A few days ago, I quoted Bob Funk, president and founder of Express Employment Professionals, as saying that “employers are living in a state of fear" as a result of EEO and other employment laws.
As a worker, I find his opinion appalling, and as an HR professional I find it maddening.
Here’s my experience.
99.9999999 times out of a hundred, an employer has nothing to fear from any regulatory agency, so long as the employer isn’t acting like an ass.
But when the employer begins acting like an ass, that’s when bad things happen.
For example, if an employee brings a complaint of discrimination and then the employer does nothing or goes into CYA mode, instead of listening and acting like he gives a crap, then employees start to feel invisible, and depressed, and sometimes very, very angry.
And when employees get angry, that’s when the employer should be afraid. Not before.
But here’s the good news. Employee anger is not a foregone conclusion. Anger comes in stages. Again, in my experience, employees don’t start out angry. They start out hurting and wanting somebody to give a shit about their problem.
And when that doesn’t happen, and they’re ignored, or ridiculed, or told they’re mistaken (despite all evidence to the contrary), or retaliated against, or shunned, or whatever—you get the picture—then they begin to feel dejected and trapped and hopeless, and eventually, angry.
And in my opinion, it’s employee anger that fuels many claims and suits, not greed, or opportunity, or any of those other things we sometimes hear about.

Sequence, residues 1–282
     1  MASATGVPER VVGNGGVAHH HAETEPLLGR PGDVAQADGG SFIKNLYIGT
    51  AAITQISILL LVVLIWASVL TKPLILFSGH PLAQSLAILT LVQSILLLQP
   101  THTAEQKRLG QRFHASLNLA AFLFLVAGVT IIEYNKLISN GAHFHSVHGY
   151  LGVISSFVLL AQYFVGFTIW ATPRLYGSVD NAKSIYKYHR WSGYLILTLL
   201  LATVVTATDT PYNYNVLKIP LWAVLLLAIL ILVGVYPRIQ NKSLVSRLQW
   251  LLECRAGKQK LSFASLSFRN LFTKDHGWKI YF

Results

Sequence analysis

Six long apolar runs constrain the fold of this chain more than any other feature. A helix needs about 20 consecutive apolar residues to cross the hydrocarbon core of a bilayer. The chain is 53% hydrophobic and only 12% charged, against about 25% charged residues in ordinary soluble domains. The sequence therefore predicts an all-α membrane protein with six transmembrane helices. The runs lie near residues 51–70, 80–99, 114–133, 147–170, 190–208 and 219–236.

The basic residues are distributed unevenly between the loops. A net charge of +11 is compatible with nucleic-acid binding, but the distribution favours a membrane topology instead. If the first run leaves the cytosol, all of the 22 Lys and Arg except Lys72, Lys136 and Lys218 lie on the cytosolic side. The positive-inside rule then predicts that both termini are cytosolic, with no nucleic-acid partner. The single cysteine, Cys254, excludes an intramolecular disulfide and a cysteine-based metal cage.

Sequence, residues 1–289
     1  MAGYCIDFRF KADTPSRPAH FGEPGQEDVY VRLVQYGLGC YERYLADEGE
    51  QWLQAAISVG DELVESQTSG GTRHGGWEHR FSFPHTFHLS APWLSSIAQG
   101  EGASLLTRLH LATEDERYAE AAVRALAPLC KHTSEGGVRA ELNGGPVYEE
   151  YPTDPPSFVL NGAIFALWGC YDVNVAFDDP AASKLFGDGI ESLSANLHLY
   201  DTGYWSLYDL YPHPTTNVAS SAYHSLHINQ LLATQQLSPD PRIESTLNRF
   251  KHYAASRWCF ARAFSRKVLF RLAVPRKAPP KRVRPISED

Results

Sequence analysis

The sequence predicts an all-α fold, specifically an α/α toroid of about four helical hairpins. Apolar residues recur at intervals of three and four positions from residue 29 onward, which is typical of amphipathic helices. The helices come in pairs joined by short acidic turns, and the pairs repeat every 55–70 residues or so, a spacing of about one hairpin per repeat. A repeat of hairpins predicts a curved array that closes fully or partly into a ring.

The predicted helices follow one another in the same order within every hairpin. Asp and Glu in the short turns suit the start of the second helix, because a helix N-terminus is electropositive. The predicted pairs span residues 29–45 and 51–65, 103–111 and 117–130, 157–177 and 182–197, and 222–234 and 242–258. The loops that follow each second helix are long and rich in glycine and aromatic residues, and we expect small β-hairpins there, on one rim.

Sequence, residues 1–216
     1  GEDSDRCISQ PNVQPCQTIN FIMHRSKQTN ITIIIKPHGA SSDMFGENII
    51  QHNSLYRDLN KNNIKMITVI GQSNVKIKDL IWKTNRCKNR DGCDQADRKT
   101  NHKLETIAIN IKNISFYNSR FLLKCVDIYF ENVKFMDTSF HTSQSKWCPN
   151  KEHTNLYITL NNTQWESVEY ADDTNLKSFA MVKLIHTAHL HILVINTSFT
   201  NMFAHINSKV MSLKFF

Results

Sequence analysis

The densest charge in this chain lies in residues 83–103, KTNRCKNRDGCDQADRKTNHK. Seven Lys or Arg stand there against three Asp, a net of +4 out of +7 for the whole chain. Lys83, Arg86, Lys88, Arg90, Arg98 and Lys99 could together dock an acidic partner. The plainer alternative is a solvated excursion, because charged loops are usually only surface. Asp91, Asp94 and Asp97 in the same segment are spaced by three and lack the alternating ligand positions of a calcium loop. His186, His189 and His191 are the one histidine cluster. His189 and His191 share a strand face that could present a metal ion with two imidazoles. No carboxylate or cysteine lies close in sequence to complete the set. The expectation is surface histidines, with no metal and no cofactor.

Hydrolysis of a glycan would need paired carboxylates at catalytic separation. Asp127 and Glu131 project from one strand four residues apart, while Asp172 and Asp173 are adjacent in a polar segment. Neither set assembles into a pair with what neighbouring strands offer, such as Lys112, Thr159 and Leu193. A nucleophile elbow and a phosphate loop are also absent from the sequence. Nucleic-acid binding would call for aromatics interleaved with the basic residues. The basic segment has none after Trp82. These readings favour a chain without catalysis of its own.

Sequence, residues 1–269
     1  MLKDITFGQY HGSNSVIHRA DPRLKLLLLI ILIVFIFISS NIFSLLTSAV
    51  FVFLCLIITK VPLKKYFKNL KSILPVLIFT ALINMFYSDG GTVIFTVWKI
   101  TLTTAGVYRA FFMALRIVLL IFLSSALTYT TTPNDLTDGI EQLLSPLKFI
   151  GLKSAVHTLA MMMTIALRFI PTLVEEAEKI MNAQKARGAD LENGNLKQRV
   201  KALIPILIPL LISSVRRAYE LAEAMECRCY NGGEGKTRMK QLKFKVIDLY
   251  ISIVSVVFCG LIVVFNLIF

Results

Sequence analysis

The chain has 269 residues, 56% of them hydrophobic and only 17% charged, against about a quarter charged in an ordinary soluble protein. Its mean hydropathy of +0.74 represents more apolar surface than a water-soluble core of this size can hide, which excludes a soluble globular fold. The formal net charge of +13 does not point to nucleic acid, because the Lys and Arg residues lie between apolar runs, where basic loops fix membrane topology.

It’s simple. After a while, people get tired of being treated as though they aren’t human, they decide to fight back, and then the trouble starts. (Actually it started way before this, but from the employer’s perspective, then the trouble starts.)
And this is soooooo avoidable.
No employer or employer agent (that’s you HR) has to agree with every half-baked complaint brought forth by an employee. (I admit it. Not every complaint will have validity.) But there’s a way to deal with the situation that leaves the employee feeling heard and cared for without compromising the employer’s interest.
However, if you’re just going to go into “lock down,” refusing to give an inch and even acknowledge your employees’ humanity, then, well, you may get what you deserve.
But really, nobody wins. Employees don’t want to be fighting these battles. They just want to work in peace, get a paycheck, and go home.
And of course, only an idiot employer would relish these skirmishes.
So why do we keep perpetuating them?
Is it that hard to look your employee in the eye and see a person? Geez.
Okay then. Let em’ go away angry, and you continue to live in fear.